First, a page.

“I have asked students why they answered a question [from a classmate]. Usually the response is something like, ‘I was sitting there watching a movie, and it came up as a notification on my phone, and I thought I'd answer it. I knew the answer,'” Starrett says. “These kids have grown up in an environment where there's a face-to-face personality and an online personality. The online personality is confident, bolder, and helpful, and likes to make comments.”
Another important factor in students' willingness to participate is feeling comfortable asking questions. To avoid embarrassment, students have the option of asking questions without being identified to classmates (though Starrett knows who asks the questions). “Students know that they can be safe asking a question. Nobody is going to embarrass them because they're asking a question, and the learning is actually becoming a community event instead of happening in isolation. That is the ideal that we hope for in learning environments,” says Lori Tanner, former director of a quality enhancement plan called Student Technology Enrichment Program-Upstate and current director of education workforce training in Cyberinfrastructure Technology integration at Clemson University.
This immediate help contributes to students' willingness to continue their work. “There's so much research that points to the millennial and neo-millennial need for instant gratification. When teaching this generation, if you don't answer their question, they will close their book or computer and say, ‘Oh well. I tried.' Social media gives them the ability to ask the question right when it comes up, get an answer, and keep moving forward,” Starrett says.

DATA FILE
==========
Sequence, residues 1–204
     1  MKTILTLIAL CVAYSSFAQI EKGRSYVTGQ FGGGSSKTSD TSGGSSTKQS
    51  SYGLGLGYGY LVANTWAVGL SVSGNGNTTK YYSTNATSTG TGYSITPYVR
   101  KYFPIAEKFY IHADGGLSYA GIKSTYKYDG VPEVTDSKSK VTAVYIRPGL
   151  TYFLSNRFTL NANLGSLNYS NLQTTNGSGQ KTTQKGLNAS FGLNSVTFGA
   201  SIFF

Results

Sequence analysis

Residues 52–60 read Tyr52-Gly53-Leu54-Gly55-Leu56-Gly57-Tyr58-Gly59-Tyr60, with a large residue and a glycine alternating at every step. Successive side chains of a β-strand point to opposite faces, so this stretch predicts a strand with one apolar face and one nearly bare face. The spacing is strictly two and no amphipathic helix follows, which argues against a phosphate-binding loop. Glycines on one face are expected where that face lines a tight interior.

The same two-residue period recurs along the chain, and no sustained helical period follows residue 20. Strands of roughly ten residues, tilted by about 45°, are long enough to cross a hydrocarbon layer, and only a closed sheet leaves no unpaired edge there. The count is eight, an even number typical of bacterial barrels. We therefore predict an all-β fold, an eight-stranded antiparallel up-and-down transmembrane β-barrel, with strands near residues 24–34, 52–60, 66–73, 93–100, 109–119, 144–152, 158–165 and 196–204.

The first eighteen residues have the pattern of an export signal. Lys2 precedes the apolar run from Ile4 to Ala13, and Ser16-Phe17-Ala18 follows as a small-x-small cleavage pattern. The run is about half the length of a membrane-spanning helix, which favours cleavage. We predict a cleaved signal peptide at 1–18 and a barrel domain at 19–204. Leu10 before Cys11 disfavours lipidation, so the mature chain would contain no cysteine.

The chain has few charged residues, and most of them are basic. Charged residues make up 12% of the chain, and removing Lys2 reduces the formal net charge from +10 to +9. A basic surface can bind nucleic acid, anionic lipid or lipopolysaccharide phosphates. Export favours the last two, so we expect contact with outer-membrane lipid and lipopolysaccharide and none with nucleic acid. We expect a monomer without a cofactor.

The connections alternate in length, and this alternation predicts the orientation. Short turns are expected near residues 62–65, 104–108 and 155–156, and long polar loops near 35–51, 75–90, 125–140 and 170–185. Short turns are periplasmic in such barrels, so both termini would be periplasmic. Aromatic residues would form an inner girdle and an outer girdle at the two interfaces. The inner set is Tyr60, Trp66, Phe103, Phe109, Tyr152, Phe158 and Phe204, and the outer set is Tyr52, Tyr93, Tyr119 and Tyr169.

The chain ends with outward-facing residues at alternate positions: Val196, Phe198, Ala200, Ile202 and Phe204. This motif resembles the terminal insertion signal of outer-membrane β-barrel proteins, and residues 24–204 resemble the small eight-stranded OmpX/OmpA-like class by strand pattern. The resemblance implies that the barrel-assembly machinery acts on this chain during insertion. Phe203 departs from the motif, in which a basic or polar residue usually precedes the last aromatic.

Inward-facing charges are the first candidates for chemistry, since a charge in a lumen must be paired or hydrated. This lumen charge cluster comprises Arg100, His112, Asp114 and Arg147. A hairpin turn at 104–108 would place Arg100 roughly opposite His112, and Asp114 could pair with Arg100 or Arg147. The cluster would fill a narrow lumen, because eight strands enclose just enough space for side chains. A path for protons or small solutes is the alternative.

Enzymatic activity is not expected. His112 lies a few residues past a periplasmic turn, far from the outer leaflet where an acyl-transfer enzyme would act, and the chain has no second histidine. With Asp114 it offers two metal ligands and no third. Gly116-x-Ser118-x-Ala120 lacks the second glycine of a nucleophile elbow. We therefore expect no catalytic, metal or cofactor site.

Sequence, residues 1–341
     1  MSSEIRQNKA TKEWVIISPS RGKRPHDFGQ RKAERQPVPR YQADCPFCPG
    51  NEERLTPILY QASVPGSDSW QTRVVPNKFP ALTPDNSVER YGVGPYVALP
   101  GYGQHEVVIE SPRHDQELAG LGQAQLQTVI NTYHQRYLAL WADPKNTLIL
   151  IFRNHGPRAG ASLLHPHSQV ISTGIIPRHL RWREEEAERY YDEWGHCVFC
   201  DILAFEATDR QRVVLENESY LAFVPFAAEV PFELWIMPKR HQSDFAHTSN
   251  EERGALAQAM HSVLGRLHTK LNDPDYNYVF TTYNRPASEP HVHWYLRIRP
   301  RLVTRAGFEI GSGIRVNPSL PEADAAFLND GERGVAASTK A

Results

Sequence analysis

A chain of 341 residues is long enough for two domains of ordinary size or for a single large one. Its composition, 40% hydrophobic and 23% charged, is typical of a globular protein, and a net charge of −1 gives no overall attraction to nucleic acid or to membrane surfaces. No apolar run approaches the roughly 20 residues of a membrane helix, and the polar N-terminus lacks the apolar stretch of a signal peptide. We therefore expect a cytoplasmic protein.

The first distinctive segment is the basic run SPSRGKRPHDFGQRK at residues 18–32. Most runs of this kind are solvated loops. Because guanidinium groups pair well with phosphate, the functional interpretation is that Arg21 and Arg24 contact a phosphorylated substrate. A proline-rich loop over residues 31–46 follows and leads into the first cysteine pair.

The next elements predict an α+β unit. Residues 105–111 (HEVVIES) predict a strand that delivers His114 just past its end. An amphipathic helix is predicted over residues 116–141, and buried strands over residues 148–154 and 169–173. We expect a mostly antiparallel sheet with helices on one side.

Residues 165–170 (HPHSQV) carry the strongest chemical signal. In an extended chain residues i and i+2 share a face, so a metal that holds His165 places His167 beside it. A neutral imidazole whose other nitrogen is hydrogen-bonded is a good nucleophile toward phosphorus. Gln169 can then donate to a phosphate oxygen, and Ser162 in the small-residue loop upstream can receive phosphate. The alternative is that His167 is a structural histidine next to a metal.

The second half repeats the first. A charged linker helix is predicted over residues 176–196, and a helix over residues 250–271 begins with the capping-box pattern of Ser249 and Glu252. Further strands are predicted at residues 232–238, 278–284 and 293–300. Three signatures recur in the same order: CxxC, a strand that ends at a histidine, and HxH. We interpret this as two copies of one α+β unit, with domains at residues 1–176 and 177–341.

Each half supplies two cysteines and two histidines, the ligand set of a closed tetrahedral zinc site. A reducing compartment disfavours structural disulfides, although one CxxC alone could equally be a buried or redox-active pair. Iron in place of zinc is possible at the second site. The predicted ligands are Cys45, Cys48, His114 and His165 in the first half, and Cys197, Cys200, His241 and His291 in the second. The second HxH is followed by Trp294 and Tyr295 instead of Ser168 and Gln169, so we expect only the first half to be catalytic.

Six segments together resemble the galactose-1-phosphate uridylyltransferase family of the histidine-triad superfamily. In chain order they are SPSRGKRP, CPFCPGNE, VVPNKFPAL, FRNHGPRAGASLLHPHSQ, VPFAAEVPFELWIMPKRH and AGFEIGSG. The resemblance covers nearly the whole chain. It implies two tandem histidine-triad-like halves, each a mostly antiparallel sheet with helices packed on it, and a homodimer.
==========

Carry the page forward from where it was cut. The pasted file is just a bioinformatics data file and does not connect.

Tanner adds, “Some of the feedback we got from students was, ‘I knew I would never be lost, because I could get an answer in the middle of the night. It might not be my instructor. It might be a student who had the same problem.'”
Students must be clear about the problems they're experiencing in order to get help. “I really harp on the students about communicating the question. Especially in a math class, so often you get students who say, ‘I don't get it. I don't understand.' I won't answer in social media until they tell me what they don't understand, even if it's, ‘I have no clue how to start this problem,'” Starrett says.
Different students require different types of support. “For most students I will correct their wrong step so they can finish the problem. Or I will do a similar work problem. As I get to know how the students learn, I adjust that. I have a few students who have certain disabilities with math, so I know I am going to have to help them out with a few more steps and explanation,” Starrett says.